Efforts are under way to improve the comparability of finances in college sports. Rule changes enacted for the 2006–07 school year require universities to file financial reports using a common set of accounting definitions and have them audited by a third party. The new guidelines also require schools to report capital expenditures and the athletic department’s share of costs being picked up by the university. “We believe it will significantly improve the quality and reliability of our data,” says Jim Isch, CFO of the NCAA.

The NCAA is also making changes to promote more transparency. After the coming year, schools will be able to view the financials of up to 10 peers, says Isch. While the public will still be kept largely in the dark, sharing data among universities offers them some hope of understanding — and hence controlling — athletic spending. — J.McC.

Winners and Losers
Some college athletic programs run a surplus, but many go well into the red.
Most Profitable Athletic Programs
University of Georgia $23.9*
University of Michigan 17.0
University of Kansas 10.1
Virginia Tech University 8.3
University of Texas 7.3
University of Iowa 6.7
Kansas State University 5.5
Texas A&M University 5.3
University of Alabama 5.3
Louisiana State University $5.1
Least Profitable Athletic Programs
University of Arkansas-Little Rock -$8.7*
University of California-Berkeley -7.9
University of Cincinnati -4.1
University of North Texas -3.1
University of South Carolina -2.7
West Virginia University -2.3
University of Washington -2.2
University of Hawaii -2.2
University of Nevada -1.8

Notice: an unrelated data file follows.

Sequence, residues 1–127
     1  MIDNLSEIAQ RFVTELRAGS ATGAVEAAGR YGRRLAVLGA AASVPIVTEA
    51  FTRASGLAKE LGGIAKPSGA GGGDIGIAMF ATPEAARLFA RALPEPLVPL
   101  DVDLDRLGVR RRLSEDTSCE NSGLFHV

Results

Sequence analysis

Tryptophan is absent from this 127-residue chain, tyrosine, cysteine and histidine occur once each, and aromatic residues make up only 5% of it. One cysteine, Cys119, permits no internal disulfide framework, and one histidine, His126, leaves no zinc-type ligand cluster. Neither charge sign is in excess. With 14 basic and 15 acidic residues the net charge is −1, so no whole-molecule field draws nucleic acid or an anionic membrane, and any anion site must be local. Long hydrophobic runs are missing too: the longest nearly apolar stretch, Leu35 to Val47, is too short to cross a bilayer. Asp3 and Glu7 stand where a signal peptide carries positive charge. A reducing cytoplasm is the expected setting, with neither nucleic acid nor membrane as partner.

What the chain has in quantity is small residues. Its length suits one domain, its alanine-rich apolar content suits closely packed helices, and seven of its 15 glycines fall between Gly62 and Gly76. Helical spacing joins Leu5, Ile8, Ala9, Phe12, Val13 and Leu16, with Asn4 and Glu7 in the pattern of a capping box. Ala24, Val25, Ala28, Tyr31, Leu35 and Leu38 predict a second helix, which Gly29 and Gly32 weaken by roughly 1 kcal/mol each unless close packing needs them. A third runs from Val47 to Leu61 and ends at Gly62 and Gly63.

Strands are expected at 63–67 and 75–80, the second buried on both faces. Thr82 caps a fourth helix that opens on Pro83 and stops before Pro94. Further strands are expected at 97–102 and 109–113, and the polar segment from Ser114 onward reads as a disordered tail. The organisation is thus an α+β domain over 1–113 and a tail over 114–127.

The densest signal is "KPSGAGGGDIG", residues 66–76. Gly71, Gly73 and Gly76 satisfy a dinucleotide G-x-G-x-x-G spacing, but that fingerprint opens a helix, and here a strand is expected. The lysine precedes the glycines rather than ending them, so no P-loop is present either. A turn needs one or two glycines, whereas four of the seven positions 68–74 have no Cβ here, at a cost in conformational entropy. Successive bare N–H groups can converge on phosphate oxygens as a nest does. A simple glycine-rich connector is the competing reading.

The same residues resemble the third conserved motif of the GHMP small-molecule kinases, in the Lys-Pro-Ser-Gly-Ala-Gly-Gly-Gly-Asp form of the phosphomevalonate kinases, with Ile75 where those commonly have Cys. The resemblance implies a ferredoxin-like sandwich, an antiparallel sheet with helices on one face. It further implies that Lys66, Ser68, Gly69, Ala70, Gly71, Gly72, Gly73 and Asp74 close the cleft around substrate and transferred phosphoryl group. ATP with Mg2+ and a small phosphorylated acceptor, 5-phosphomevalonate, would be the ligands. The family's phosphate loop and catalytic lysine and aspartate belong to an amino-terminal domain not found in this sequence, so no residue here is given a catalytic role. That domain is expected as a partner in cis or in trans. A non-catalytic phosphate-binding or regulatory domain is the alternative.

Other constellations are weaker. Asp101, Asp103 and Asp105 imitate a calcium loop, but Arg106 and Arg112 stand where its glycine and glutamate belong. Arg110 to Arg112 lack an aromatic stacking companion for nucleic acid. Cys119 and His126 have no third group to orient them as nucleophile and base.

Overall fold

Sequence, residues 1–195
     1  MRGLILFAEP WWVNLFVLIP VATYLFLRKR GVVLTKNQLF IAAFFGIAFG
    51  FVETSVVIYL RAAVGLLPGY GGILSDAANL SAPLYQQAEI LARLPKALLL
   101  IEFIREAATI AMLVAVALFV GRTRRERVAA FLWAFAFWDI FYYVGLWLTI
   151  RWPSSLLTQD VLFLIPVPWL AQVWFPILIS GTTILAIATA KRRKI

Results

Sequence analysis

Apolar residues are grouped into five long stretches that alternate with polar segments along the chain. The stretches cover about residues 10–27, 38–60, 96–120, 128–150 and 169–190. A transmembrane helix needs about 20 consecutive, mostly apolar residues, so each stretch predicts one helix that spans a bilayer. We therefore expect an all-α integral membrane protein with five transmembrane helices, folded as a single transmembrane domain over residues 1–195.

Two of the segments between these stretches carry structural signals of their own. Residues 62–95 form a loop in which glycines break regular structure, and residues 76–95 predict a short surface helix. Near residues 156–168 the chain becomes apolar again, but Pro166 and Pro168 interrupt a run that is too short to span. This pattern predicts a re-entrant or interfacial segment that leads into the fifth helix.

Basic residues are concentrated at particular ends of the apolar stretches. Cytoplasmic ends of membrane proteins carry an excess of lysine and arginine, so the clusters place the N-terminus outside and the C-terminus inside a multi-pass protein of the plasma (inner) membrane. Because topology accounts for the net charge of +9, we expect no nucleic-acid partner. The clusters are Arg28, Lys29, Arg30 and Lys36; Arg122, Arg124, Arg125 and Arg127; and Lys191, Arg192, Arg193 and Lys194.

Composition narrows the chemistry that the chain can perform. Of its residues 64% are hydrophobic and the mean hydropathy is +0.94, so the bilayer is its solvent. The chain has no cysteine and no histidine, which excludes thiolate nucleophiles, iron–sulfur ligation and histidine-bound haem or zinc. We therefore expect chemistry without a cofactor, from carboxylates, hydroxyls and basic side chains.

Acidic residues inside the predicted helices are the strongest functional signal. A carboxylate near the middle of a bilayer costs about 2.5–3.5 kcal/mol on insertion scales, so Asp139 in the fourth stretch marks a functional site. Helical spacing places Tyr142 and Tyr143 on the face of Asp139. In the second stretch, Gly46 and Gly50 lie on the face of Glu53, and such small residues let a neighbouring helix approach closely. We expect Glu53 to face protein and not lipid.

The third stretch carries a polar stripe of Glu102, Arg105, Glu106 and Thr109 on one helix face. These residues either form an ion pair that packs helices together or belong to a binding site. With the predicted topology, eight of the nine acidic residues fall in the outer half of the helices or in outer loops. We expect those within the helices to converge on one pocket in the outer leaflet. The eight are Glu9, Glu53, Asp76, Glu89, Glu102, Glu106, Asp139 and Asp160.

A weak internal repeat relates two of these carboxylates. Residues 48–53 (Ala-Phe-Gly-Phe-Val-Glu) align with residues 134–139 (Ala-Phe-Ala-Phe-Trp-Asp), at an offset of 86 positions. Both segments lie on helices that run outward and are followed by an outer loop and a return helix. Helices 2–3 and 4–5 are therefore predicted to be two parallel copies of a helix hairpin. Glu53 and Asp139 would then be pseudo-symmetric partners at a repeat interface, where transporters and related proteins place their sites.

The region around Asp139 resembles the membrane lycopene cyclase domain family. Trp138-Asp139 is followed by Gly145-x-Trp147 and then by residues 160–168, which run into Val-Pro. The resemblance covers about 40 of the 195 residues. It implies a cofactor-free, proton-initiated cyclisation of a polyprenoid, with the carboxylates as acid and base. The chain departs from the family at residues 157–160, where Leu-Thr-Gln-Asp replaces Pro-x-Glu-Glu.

North Carolina State University -$1.3
* Revenues minus expenses for the 2004–05 academic year (in $ millions). The numbers are presented here as reported to the NCAA. Schools differ greatly in how they report financial information.
Source: Indianapolis Star analysis of data obtained through public-records requests.

Money Well Spent?

Colleges generally justify spending on athletics by pointing out the intangible benefits that they bring to the universities. They argue that sports is the window through which many people come into contact with the school and that such exposure is worth a lot. (During most televised college events, each participating school gets one free minute to air a promotional message.) Athletic success increases the number and quality of university applicants, the argument goes, and improves alumni giving.

There is some anecdotal evidence that supports these claims. The idea is known as the Flutie factor, for the overall growth and academic improvement seen at Boston College after the school racked up victories on the football field under Heisman Trophy winner Doug Flutie in the mid-1980s.

Empirical evidence, however, doesn’t necessarily back up the theory that athletic spending leads to academic success. A study commissioned by the National Collegiate Athletic Association in 2003 found no relationship — positive or negative — between increased spending on big sports and incoming SAT scores. However, the study’s authors admit that with only eight years of data, the period could have been too short to see the relationship. Most surprising of all, the study found no link between increased athletic spending on marquee sports and alumni giving, either to sports programs or to the university itself. (As Notre Dame alumni might tell you, the link between winning and giving — not part of the study — is likely a lot stronger.)

But it appears difficult to spend your way to victory on the athletic field. The same study found no statistical relationship between changes in operating expenditures on football and changes in winning percentages between 1993 and 2001. One possible explanation for this is that as long as everyone is increasing spending, the status quo is maintained. But the evidence shows that schools will have a hard time achieving academic success by spending their way to it on the sports fields. — J.McC.